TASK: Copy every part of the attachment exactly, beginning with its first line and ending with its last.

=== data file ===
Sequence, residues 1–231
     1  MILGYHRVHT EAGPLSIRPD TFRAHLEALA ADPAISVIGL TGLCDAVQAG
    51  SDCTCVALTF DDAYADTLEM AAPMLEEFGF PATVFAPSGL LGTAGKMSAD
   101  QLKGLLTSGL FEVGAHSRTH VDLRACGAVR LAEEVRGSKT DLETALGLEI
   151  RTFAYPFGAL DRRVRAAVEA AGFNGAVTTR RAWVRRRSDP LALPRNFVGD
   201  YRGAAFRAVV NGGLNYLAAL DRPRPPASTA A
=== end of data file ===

Sequence, residues 1–231
     1  MILGYHRVHT EAGPLSIRPD TFRAHLEALA ADPAISVIGL TGLCDAVQAG
    51  SDCTCVALTF DDAYADTLEM AAPMLEEFGF PATVFAPSGL LGTAGKMSAD
   101  QLKGLLTSGL FEVGAHSRTH VDLRACGAVR LAEEVRGSKT DLETALGLEI
   151  RTFAYPFGAL DRRVRAAVEA AGFNGAVTTR RAWVRRRSDP LALPRNFVGD
   201  YRGAAFRAVV NGGLNYLAAL DRPRPPASTA A